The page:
Yesterday, President Donald Trump held a rally in Tampa, Florida in support of Florida Republican gubernatorial candidate Ron DeSantis. Supporters of the president lined up for hours outside the Florida State Fairgrounds Expo Hall, giddy with the anticipation of catching a glimpse of their commander-in-chief.
Several supporters of the president were interviewed by the Herald Tribune, and their endearment of Trump seems to be boundless.
“I love our president,” Nora Kuehn of Ocala said. “I love what he’s doing. He’s the best thing that ever happened to our country — jobs, jobs, jobs.”
“Anybody Trump says he supports, I’ll support,” said enthused 75-year-old retiree Dwayne Bickford, referring to DeSantis. Bickford admitted he wasn’t following the governor’s race closely, and that Trump’s endorsement was enough for him to make up his mind.
Bickford was sporting a sign that read: “promises made, promises kept.”
But it was 48-year-old car salesman Gene Huber whose attitude was the most telling, and whose admiration of Trump offers a bleak peak into the grit of Trumpism.
“Promises made, promises kept, that’s what this man does,” said Huber.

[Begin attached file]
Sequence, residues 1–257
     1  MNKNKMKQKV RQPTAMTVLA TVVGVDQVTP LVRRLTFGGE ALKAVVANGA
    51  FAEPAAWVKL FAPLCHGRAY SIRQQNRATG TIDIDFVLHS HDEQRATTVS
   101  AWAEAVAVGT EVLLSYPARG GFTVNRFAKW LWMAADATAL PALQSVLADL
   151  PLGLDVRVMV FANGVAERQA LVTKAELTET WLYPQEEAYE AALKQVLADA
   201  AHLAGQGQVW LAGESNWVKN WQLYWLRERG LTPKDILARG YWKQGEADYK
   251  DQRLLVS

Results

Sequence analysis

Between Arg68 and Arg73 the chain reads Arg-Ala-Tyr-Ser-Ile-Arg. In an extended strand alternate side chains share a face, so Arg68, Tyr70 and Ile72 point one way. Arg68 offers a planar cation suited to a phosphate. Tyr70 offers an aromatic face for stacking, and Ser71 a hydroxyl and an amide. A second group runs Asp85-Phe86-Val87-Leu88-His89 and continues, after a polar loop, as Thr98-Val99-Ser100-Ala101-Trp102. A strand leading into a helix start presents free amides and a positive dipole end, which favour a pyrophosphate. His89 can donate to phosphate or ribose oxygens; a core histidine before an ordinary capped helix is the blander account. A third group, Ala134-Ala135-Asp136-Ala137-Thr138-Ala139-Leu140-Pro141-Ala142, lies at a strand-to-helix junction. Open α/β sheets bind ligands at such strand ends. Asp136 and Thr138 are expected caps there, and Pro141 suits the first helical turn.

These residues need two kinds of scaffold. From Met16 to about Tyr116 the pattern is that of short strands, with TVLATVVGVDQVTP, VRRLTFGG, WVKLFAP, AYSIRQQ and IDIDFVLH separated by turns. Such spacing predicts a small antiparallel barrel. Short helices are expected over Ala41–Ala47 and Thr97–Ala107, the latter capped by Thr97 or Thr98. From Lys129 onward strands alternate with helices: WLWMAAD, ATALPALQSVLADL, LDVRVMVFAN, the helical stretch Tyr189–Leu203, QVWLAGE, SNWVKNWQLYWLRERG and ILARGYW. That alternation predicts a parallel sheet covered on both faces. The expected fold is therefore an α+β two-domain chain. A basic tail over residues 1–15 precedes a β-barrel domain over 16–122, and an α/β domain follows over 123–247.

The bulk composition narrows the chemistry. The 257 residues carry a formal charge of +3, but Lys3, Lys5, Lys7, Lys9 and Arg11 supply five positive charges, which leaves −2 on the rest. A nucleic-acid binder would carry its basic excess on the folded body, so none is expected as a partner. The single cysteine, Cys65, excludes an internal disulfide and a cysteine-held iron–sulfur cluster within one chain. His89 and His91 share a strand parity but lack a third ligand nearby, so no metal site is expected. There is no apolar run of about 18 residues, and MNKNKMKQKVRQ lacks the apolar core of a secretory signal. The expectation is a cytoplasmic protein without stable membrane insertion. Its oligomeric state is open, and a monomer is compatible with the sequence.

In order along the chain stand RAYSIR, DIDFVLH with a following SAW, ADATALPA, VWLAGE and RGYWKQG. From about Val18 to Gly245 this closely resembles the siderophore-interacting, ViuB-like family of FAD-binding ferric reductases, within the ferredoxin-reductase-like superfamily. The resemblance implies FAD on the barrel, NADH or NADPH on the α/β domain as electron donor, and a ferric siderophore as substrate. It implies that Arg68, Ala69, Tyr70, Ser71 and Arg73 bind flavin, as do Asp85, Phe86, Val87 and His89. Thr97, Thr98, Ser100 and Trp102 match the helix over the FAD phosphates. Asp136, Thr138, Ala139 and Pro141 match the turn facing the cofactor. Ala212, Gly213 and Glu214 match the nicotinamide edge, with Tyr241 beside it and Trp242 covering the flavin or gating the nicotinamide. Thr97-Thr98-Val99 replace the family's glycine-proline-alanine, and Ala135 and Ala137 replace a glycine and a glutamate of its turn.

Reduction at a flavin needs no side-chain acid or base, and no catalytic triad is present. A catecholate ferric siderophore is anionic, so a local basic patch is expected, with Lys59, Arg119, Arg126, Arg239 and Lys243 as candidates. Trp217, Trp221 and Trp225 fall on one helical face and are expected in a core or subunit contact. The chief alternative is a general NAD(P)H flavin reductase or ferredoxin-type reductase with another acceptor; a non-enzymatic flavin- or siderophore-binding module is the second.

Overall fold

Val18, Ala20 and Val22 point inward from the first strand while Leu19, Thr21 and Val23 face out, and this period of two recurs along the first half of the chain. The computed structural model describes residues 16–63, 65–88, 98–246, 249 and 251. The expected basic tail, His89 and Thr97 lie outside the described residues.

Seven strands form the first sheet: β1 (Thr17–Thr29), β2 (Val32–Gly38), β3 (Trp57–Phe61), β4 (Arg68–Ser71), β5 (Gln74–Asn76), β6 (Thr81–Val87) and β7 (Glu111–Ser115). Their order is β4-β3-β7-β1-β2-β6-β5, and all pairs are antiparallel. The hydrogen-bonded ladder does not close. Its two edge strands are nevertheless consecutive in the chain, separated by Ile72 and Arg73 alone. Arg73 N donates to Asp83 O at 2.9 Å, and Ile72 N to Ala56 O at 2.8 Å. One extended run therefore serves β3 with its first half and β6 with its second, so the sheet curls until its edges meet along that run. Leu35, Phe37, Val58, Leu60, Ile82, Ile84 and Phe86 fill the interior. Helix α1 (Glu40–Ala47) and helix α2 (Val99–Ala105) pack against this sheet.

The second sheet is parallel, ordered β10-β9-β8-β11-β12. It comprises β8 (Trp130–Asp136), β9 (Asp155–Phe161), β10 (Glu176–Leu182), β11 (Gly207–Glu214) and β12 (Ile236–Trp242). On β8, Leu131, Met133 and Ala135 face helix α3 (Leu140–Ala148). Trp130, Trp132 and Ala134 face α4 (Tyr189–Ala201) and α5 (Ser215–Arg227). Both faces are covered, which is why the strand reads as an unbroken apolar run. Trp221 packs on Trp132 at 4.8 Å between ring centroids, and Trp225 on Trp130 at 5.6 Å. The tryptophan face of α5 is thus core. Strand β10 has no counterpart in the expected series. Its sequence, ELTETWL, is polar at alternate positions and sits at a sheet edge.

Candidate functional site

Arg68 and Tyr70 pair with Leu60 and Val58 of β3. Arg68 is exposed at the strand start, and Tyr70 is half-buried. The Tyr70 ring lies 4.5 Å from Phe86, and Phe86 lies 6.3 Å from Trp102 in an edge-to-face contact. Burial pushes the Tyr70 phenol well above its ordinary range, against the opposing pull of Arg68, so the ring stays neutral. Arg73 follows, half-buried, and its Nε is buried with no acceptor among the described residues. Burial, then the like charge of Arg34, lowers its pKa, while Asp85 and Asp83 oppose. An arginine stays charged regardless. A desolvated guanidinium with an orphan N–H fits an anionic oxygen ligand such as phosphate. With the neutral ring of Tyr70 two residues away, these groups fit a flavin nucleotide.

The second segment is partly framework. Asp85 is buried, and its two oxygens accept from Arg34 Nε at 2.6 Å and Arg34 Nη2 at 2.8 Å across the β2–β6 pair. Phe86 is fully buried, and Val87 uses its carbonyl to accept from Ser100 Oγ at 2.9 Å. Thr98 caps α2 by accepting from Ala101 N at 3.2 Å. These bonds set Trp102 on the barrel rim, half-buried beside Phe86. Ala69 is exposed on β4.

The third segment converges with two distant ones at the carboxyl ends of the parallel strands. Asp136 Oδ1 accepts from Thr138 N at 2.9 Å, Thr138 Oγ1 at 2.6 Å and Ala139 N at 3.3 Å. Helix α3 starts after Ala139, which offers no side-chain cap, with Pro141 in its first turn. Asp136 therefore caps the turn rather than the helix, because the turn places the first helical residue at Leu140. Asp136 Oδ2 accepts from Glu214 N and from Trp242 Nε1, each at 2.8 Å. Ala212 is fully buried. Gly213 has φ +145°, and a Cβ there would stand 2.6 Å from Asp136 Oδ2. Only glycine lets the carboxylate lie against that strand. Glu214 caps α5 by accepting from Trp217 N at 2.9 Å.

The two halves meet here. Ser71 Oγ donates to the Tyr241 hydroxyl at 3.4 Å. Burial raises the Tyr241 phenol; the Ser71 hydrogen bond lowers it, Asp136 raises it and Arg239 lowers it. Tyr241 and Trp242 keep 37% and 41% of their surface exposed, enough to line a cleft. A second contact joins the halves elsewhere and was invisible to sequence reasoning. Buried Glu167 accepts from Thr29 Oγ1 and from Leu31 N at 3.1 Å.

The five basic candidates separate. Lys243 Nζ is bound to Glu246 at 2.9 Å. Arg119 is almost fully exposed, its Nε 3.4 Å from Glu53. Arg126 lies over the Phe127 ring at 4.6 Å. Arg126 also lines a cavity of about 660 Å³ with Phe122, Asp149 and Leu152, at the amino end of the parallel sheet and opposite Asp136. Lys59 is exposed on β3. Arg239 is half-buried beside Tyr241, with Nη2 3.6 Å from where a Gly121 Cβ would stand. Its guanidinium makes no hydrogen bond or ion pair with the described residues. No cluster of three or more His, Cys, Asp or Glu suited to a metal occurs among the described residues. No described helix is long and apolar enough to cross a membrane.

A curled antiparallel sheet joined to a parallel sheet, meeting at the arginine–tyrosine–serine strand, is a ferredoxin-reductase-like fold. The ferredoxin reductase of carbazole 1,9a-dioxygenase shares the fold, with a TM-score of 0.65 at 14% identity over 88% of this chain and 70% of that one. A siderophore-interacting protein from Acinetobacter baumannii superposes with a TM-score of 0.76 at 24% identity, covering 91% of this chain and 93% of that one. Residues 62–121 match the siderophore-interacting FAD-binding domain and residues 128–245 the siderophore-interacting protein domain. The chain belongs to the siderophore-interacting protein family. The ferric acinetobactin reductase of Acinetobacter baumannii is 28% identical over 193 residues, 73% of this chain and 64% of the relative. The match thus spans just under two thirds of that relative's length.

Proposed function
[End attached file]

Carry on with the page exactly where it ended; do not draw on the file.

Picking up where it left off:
“If he says he’s going to turn the moon purple I believe him.”
“He’s our messenger and we listen to him, that’s all we do,” Huber added. “I listen to our president and follow his agenda.”
This is what dictators love to hear. In fact, Trump has recently expressed his desire to be treated like an autocrat.
After he met with North Korean dictator Kim Jong Un in Singapore, Trump told Fox & Friends that Kim “speaks and his people sit up at attention.”
Trump then added: “I want my people to do the same.”
Couple this with the roaring applause Trump received at the rally after claiming a photo ID is required to buy groceries, Trump’s most ardent supporters seem to be willing to follow him wherever he may lead them. And right now, that path is losing its light.